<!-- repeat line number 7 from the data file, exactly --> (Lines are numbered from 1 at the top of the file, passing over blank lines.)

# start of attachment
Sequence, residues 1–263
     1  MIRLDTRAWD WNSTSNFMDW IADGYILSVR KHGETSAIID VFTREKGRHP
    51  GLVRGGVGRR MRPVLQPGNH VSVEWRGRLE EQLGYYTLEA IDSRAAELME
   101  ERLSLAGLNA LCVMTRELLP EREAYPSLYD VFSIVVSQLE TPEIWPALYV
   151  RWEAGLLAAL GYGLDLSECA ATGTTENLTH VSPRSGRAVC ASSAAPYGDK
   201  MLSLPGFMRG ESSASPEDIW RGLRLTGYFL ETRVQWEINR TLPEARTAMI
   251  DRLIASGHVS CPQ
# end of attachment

   251  DRLIASGHVS CPQ